Don't get me wrong. I want us [the US] to do the right thing. I don't think there should be a policy that permits interrogators to treat the Qur'an like it was, oh, a Bible discovered in the Saudi airport customs line. But when it comes to the revelations of these Gitmo tales, I cannot care as much as they would like me to care. I cannot. Not to say we should treat the Qur’an with casual disrespect. But if an infidel touches the book with the wrong hand and people react like a two-year-old whose peas are touching the mashed potatoes, well, I understand why this matters, but when measured against the sins of headchoppery and carbombs, it pales to an evanescent translucence.Even if one thinks that the detainees ought to be accorded the treatment anticipated under the Geneva Convention, the penchant for the media, through its post-Watergate eyes, to always view the US as villainous, unjust, and suspect plays right into the hands of terrorists. But then, so does the perception that the nation fighting for freedom misbehaving, even to the smallest degree, at Guantanamo.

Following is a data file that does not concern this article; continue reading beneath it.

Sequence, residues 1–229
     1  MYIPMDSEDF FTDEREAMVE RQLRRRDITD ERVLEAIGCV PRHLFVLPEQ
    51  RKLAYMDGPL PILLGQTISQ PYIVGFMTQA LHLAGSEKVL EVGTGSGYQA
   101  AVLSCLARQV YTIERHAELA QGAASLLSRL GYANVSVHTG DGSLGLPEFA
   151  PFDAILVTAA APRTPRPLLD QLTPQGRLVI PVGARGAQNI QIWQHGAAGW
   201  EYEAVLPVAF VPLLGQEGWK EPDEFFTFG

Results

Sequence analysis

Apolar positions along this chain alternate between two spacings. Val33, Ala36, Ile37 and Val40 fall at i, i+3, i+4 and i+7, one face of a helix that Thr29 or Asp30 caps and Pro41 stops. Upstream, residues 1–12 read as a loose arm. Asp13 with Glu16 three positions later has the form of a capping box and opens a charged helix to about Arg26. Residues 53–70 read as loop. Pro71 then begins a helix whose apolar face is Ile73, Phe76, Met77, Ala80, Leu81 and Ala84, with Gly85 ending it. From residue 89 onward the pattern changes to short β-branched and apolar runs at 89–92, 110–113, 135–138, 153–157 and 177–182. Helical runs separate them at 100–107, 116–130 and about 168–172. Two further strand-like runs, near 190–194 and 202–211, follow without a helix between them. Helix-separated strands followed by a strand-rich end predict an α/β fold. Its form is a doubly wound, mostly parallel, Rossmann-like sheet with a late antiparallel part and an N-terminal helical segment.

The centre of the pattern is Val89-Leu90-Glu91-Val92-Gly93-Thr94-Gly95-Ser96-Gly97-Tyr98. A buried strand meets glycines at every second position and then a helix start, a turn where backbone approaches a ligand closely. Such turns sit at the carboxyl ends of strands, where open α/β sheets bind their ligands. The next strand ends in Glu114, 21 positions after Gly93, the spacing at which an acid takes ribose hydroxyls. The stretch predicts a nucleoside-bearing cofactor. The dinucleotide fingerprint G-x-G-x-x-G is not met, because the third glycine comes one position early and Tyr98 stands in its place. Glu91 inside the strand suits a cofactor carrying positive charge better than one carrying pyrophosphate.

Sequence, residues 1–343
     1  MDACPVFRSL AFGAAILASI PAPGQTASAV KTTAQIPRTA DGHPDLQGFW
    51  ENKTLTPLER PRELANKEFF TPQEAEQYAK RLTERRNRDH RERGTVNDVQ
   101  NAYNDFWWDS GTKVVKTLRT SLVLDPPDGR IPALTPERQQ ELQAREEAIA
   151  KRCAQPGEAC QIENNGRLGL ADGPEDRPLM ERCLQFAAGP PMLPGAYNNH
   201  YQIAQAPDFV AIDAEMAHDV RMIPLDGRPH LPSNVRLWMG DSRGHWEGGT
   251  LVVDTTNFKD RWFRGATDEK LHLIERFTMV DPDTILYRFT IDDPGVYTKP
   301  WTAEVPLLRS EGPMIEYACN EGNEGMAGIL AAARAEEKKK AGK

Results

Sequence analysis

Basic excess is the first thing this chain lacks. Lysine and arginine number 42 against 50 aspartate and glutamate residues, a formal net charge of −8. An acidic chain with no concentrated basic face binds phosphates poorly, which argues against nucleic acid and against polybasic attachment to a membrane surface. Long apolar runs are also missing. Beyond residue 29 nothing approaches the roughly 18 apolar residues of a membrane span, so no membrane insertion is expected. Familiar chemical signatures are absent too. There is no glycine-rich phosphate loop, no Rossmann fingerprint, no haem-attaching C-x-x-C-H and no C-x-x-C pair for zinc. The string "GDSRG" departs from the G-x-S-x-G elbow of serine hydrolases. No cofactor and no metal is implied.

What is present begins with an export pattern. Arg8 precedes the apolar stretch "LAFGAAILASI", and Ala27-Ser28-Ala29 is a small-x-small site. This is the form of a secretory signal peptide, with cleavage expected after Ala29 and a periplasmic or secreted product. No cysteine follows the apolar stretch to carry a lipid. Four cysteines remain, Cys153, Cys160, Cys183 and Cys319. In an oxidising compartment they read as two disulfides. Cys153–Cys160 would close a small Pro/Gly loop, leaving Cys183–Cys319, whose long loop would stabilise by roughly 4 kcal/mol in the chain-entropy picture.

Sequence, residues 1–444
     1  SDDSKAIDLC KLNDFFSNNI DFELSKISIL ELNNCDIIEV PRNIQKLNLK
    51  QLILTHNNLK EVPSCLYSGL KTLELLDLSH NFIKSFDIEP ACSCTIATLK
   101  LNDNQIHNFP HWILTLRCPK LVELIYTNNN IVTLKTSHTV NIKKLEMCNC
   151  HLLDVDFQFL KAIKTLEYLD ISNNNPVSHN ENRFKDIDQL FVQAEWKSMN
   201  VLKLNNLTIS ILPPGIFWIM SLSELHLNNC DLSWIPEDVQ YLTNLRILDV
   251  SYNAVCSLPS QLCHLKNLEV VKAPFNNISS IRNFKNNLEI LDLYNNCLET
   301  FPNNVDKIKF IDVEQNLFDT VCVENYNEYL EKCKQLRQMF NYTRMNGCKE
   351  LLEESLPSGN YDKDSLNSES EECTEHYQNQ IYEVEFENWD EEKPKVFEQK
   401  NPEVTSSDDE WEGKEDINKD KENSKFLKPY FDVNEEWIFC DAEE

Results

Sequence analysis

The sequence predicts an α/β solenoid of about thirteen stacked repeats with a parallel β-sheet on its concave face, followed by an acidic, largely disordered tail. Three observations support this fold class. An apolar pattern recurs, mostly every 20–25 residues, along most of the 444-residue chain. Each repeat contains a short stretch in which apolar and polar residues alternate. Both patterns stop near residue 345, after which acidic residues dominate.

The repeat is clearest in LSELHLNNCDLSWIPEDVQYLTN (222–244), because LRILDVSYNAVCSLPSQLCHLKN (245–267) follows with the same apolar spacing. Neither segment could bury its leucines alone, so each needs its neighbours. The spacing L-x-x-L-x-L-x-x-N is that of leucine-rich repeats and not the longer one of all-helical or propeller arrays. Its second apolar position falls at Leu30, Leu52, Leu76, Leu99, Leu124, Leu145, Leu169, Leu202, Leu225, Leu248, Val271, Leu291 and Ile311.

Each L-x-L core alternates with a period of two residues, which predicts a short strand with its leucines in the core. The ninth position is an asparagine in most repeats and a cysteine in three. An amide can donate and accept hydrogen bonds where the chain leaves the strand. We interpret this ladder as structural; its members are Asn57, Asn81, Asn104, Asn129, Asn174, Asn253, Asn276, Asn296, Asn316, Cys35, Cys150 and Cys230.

But Lileks is absolutely right in saying that the desecration of a book, however holy or esteemed, cannot compare in offensiveness to the savagery committed by terrorists against masses of human beings, most of whom supposedly share their own religion.